An Anchorage woman received a seven-year sentence for masterminding a Ponzi scheme that lasted over a decade and bilked investors out of over $5 million. Samantha Delay-Wilson, 65, received the sentence from United States District Court Judge Russell Holland, who noted the "amazing length" of the scheme and the devastating effect on some of Delay-Wilson's investors in handing down the sentence. The sentence comes after Delay-Wilson was convicted of various state court charges relating to the fraud and sentenced in April to five years in state prison. The sentences will be served consecutively, rather than concurrently, which will prevent Delay-Wilson from receiving credit towards both sentences simultaneously.
Delay-Wilson pleaded guilty in February to using her two companies, Nona Oma Investments and Money Source's Alaska, to solicit prospective investors by guaranteeing high rates of annual return exceeding ten percent through a variety of investments including a global investment fund, European sub-prime loans, and an investment banking service company. During the scheme, which took place from 1996 to 2004, Delay-Wilson made false representations to investors concerning her experience and background, and provided fictitious documents concerning her purported investments. Yet, instead of making these investments, Delay-Wilson instead commingled investor funds and used them for her personal expenses, to make Ponzi-style interest payments, and fund a lavish lifestyle that included the purchase of a $150,000 diamond ring for herself.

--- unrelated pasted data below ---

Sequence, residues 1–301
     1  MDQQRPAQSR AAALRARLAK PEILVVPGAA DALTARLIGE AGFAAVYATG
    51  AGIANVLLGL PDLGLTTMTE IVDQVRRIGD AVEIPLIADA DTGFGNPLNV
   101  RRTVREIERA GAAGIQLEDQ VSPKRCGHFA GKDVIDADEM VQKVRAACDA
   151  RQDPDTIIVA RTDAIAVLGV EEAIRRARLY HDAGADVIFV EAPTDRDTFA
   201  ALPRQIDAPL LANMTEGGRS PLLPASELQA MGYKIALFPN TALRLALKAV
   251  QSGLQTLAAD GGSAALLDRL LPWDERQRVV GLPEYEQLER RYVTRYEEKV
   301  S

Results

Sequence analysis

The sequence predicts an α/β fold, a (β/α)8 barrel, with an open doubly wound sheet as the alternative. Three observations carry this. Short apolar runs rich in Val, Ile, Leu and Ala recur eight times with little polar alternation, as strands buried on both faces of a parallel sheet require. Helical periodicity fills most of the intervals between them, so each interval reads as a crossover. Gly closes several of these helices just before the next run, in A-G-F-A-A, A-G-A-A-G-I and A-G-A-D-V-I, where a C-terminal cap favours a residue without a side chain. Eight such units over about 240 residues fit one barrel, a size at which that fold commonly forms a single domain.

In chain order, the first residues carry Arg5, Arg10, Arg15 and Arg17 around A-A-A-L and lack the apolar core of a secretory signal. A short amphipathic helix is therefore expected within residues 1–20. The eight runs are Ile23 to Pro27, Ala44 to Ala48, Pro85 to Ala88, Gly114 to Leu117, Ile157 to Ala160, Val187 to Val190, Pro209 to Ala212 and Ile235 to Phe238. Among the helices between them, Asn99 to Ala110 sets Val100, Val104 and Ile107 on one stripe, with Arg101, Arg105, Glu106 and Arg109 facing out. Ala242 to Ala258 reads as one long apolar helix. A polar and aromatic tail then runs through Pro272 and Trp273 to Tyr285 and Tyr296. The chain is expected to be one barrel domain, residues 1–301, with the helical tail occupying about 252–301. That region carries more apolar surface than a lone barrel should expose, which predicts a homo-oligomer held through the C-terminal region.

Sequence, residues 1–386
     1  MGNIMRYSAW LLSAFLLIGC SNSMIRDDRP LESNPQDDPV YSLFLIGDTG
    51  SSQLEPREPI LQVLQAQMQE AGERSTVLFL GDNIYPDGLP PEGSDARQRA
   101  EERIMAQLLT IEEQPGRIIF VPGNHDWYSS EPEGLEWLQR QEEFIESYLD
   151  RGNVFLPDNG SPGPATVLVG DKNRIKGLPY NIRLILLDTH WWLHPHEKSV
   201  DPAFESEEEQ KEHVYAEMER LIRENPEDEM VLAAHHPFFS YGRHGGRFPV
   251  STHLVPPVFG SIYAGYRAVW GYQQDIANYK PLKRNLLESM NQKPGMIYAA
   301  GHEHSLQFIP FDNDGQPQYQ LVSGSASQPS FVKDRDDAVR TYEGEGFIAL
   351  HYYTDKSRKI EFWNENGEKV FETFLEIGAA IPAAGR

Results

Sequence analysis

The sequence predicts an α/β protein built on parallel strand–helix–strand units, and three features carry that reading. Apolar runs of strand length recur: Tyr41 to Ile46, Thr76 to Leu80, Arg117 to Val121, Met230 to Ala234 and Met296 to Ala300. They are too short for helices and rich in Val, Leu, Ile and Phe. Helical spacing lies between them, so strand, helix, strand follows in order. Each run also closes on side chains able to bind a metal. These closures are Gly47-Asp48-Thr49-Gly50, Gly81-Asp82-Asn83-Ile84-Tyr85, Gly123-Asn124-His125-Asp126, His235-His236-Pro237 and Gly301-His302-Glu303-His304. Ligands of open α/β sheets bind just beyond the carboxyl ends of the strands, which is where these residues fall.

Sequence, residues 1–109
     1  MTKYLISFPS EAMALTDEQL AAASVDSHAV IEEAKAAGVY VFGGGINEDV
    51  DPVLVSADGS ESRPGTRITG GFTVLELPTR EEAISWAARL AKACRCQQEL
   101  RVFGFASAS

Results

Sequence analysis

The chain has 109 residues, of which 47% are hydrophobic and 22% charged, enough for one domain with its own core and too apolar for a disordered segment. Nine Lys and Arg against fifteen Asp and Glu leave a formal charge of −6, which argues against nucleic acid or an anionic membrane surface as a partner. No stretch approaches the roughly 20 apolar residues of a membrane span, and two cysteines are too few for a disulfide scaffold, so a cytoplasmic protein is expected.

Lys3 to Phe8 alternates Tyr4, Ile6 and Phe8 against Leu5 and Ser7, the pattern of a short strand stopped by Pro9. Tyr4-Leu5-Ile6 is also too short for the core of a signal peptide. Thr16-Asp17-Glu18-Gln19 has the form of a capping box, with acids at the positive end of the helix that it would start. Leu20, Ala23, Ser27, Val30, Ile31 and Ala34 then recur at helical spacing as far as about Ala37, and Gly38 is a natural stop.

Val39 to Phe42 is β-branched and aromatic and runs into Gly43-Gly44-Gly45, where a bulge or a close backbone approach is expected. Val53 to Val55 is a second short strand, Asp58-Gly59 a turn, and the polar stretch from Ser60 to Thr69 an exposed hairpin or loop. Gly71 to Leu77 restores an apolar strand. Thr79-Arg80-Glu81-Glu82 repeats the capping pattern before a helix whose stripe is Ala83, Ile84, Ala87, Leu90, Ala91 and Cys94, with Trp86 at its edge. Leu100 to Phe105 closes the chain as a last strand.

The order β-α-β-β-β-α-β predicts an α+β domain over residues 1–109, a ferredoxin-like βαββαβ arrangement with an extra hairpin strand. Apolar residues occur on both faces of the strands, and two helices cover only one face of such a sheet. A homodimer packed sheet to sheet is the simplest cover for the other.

Delay-Wilson will also be required to repay investors through an order of restitution to be determined at a later date.
For more news and analysis of Ponzi schemes, visit Ponzitracker, a blog by Jordan Maglich, an attorney at Wiand Guerra King P.L.
For more information about LexisNexis products and solutions connect with us through our corporate site.